White House Brief: Things to know about GOP Sen. Rand Paul
WASHINGTON (AP) — Sen. Rand Paul’s populist campaign, based on advocacy of a smaller, less-nosy government, gained popularity at first but he soon faded. The Kentucky senator was among those bumped from the main debate stage because of low polling, but won readmission for the last debate before the Iowa caucuses. A look at the senator:
Paul launched his presidential candidacy early, anchoring his effort in detailed policy positions before Donald Trump jumped in and captured the attention of angry, change-seeking Americans. Paul, though a senator, is no go-along-to-get-along Washington insider. He was elected in the tea party-driven wave of 2010 and tangled often with GOP leaders. But he started to learn the ways of Washington and adapt to them.
Paul is an ophthalmologist who has worked at clinics in southwest Kentucky, specializing in eye surgery, and helps to run a free clinic for his poor neighbors. In politics, Paul helped his father, Ron, run against Texas Sen. Phil Gramm in 1984 and on his 1988 presidential campaign, and managed his father’s 1996 campaign to return to the House representing a Houston-area district. In Rand Paul’s first campaign with his own name on the ballot, running for Senate in Kentucky in 2010, he toppled Kentucky Sen. Mitch McConnell’s choice in the GOP primary by an almost 2-to-1 margin and went on to win the general election by 12 percentage points.
Paul grew up near Houston, the son of an obstetrician father and mother who was a secretary. He was 15 when his father won election to the House in 1978. Rand Paul attended Baylor University, where he was an honors student, but left without a degree when he was accepted into Duke University’s School of Medicine. While on a surgical rotation at Georgia Baptist Hospital in Atlanta, he met his future wife, Kelley, at a picnic. The couple married in 1990 and moved to Bowling Green, Kentucky, to be closer to her family. Paul joined a medical practice before opening one of his own, and Kelley Paul is a freelance writer and political consultant. The couple is raising three children in Washington.
Paul’s career and campaign is centered on the idea of a smaller, less-intrusive government — a platform that appeals to liberals concerned about government operating outside its authority as well as to many conservatives. He controlled the Senate floor in 2013 for almost 13 hours to hold up the nomination of John Brennan as CIA director. Brennan had been President Barack Obama’s counterterrorism adviser, and Paul opposed the Obama administration’s use of drone strikes against suspected terrorists. He drew support from people across the political spectrum who shared a concern about government overreach, making it seem possible to cobble together a diverse coalition big enough to compete in the race for president.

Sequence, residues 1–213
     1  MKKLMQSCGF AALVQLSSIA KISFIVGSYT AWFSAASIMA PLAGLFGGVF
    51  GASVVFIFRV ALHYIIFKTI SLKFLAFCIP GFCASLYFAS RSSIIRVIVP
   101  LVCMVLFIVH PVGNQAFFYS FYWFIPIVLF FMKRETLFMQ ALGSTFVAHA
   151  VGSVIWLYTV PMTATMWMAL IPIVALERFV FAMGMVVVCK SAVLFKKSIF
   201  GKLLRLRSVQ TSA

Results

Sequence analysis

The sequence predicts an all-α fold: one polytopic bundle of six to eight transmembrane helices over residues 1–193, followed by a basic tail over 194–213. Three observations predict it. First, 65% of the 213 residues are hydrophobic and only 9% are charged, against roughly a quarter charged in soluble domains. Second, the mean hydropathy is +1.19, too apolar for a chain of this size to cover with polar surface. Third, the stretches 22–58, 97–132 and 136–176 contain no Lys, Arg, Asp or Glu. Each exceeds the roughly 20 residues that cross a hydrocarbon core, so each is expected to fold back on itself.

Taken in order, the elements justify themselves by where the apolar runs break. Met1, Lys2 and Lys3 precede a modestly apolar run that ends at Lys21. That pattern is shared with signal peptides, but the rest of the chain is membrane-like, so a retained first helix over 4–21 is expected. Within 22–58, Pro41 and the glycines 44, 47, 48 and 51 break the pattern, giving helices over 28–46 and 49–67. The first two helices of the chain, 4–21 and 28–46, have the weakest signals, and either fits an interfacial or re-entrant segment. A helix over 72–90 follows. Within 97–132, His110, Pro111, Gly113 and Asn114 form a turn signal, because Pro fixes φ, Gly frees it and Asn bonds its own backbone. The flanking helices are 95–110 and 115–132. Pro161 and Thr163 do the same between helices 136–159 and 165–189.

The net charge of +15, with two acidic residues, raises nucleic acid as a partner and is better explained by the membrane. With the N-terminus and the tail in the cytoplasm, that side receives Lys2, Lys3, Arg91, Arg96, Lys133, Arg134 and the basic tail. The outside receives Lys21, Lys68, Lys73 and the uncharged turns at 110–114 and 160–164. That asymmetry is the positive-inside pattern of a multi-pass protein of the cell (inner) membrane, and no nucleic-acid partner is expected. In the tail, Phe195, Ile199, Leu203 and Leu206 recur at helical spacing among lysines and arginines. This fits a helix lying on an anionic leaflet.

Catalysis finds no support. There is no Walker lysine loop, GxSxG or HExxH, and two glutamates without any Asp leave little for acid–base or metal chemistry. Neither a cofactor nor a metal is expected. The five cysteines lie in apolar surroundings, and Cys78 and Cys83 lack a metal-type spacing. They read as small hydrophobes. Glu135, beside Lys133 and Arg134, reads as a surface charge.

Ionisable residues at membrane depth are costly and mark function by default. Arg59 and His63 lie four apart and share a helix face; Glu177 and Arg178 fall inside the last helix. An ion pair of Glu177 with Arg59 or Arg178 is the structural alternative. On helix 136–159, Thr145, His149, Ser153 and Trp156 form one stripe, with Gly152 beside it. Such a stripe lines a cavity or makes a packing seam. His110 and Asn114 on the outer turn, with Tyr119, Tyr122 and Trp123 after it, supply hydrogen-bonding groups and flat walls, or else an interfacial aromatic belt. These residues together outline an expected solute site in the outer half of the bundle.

“If you want boots on the ground, and you want them to be our sons and daughters, you got 14 other choices,” he said in a reference to his rivals. “There will always be a Bush or Clinton for you, if you want to go back to war in Iraq. But the thing is, the first war was a mistake. And I’m not sending our sons and our daughters back to Iraq. The war didn’t work.”
MOMENT TO REMEMBER
Paul in October embarked on an online event in which he answered hostile questions from Twitter users.
One asked if he’s still running for president.
“I dunno,” he answered. “I wouldn’t be doing this dumbass live streaming if I weren’t.”
Still a year out from Monday’s Iowa caucuses, Paul began a series of stumbles that turned into displays of his prickly personality — and raised questions about his credibility as a doctor. Paul said he had heard about “many tragic cases” of children who got vaccines and ended up with “profound mental disorders.” That assertion has no basis in medical research. Paul at first blamed the uproar on “inaccuracies” in the media. He later said he believes vaccines are safe and that his own children are immunized. That came after Paul suggested that the Centers for Disease Control and Prevention made the transmission of Ebola sound similar to that of AIDS. Ebola, he said, is easier to contract. Health authorities worldwide have said that Ebola is only transmitted through direct contact with bodily fluids.
Senate Twitter: http://twitter.com/senrandpaul
Campaign Twitter: http://twitter.com/drrandpaul
Campaign Facebook page: http://www.facebook.com/RandPaul
Senate Facebook page: http://www.facebook.com/SenatorRandPaul
Senate campaign website: http://www.randpaul2016.com
Political action committee: http://www.randpac.com
Senate website: http://www.paul.senate.gov
Follow Laurie Kellman on Twitter at http://www.twitter.com/APLaurieKellman